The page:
So this might be their only way forward:
Skipper Jordan Henderson has been decent in a CDM role but inconsistent. But to be fair, it is hardly a position he has ever excelled in. Emre Can remains Liverpool’s best option in that role but Klopp has decided that his skipper is better equipped and has chosen to ignore his national compatriot for most of the games.
To solve the issue, Klopp should now look to go back to the 4-2-3-1 system that brought him so much success in the past.
In this system, Liverpool can use both Can and Henderson the deeper roles, giving their defense a better shield. Both players are work-horses and are surely going to adapt to this role without too much fuzz.
This is where the real tweak needs to be made.
Roberto Firmino has struggled as a no.9 this season and it is clear that Liverpool lack a goal scorer who can score 20+ goals in the league. The general consensus was that the front four and their attacking prowess will cover for it. But at the moment it is not proving to be easy and it might be better for Klopp to push Firmino a bit deeper.
In one of the games earlier this season, with Sadio Mane absent, Klopp decided to use Firmino through the middle and Sturridge ahead of him. Though there was no monumental change in Liverpool’s attack, it did make a difference.
So Firmino in a no.10 role will retain his importance to the side as the initiator of Klopp’s ‘gegenpress’. But who will lead the line then?
Daniel Sturridge is no longer the swift-footed striker who could score goals with every chance. He is still Liverpool’s best goal scorer but does not belong in the first team when Liverpool face the likes of Real Madrid and company in the Champions League.
Dominic Solanke is too young to take up this responsibility but one player who Klopp can turn to is Salah. The 25-year old has previous experience as a false-9 in his time at Fiorentina and even AS Roma. As a center forward, Salah has five goals and two assists in just eight games and it is not too hard to understand why he will be effective.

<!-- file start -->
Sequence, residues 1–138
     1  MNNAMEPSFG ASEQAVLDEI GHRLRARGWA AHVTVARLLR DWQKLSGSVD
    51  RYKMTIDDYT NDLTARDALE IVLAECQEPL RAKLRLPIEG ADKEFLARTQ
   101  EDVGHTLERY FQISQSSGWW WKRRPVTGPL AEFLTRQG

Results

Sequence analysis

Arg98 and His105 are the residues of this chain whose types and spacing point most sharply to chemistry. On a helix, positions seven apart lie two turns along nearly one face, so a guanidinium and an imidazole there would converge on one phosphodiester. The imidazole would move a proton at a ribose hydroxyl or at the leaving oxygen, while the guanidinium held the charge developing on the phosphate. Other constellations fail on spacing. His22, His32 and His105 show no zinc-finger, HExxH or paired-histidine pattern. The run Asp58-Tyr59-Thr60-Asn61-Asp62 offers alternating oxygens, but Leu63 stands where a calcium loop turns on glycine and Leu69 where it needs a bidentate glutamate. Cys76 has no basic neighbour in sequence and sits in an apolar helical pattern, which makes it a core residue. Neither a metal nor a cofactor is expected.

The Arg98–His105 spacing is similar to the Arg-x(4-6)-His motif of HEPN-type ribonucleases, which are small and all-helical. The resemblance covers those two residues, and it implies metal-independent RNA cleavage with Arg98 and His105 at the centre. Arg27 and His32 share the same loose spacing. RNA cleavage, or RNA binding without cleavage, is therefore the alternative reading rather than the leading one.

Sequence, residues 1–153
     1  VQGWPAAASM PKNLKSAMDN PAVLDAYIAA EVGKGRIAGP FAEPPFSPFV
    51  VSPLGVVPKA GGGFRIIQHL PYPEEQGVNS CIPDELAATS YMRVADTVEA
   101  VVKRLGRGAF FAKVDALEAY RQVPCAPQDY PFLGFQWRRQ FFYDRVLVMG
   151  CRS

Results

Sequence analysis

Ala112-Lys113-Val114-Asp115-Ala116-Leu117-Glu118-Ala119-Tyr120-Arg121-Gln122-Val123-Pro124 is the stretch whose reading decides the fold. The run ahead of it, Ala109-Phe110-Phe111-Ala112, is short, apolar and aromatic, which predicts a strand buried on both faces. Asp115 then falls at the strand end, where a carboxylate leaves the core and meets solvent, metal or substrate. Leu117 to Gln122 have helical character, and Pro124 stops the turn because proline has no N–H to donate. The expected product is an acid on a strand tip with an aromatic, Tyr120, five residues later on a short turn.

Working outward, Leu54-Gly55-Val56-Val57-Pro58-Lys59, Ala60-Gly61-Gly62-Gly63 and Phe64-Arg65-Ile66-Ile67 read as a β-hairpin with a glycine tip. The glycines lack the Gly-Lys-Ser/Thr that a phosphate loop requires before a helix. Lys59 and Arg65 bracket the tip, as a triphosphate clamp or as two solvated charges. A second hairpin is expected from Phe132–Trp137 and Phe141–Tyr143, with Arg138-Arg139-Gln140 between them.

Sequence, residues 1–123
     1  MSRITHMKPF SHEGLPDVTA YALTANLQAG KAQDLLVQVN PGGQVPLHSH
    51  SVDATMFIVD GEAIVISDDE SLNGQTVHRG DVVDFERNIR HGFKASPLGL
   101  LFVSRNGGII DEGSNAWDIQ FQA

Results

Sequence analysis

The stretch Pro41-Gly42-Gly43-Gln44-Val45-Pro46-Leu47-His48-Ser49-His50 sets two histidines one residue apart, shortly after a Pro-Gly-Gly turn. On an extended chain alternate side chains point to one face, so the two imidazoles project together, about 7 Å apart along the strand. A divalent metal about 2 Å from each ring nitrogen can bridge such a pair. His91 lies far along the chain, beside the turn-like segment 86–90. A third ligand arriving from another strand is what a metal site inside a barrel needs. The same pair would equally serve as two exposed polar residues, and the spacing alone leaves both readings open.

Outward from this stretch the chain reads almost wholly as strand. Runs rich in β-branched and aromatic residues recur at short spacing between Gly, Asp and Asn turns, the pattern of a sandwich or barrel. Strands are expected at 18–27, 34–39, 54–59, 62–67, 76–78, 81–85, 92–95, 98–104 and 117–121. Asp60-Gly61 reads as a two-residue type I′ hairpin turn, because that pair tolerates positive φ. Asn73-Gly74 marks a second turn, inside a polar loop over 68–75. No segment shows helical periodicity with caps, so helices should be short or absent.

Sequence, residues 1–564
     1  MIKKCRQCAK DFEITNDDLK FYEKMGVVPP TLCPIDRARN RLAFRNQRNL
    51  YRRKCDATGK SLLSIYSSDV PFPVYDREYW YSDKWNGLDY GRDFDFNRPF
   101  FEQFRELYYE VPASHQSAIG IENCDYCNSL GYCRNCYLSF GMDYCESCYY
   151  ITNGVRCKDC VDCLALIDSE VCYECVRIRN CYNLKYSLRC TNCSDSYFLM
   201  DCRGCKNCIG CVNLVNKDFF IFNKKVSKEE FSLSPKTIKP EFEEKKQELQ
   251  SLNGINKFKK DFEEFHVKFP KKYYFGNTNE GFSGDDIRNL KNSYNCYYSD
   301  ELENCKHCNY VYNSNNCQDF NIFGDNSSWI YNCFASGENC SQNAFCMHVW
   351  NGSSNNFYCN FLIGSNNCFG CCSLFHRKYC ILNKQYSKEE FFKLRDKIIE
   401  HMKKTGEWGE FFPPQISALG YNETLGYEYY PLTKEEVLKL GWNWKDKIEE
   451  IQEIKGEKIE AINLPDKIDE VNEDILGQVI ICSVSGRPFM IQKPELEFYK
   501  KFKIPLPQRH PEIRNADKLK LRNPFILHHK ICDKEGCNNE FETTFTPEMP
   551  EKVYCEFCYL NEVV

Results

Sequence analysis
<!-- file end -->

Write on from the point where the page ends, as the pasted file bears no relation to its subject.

His pace to run in behind defenders and his ability to use his strength are two qualities that a center-forward in the league needs and Salah can surely do a great job in this role. He has also played as a secondary striker in 29 games but interestingly, his goals to games ratio is at its best when played as a striker. A false-9 per se.
Both Firmino and Salah are capable of interchanging places without any effect on the formation and this will add versatility to an already fluid Liverpool attack.
If it was not enticing enough for Klopp to make a change, what this also does is give two players in the first team, a chance to play in their regular roles. Brazilian ace Philippe Coutinho has been sensational this season in front of goal but playing a central midfield role.
If Salah is pushed up top, Coutinho can slide into his more natural LW position, which will see Sadio Mane, Liverpool’s speed merchant, moved back to his familiar position on the right wing.
Georginio Wijnaldum, who has been off-color and Adam Lallana, who is yet to return from an injury, will have to drop to the bench but this formation gives the side more solidity and adds creativity to the front line as well.
Though talks of sacking Klopp are childishly premature, if things go the way they are, it will not be easy for the Reds to save their season. There are more reasons than one as to why the German should be shown the door, as illustrated here, but having taken Liverpool to the Champions League, just a year after they were lingering outside top-6, is an achievement that should give the manager more time at the club.
The success teams like Chelsea and Spurs have had in a 3-4-3 system might tempt Klopp to check that out as well, but with lack of two top-class center-halves, playing three in a game could be suicidal. So the real tweak Klopp can make to the system is mentioned above and it might not be too long before the manager decides to implement it.
The Reds may yet stitch a winning-run right after the international break but if things do not change in the next few games, Klopp should definitely try this amendment to his structure that can go a long way in getting them back to winning ways.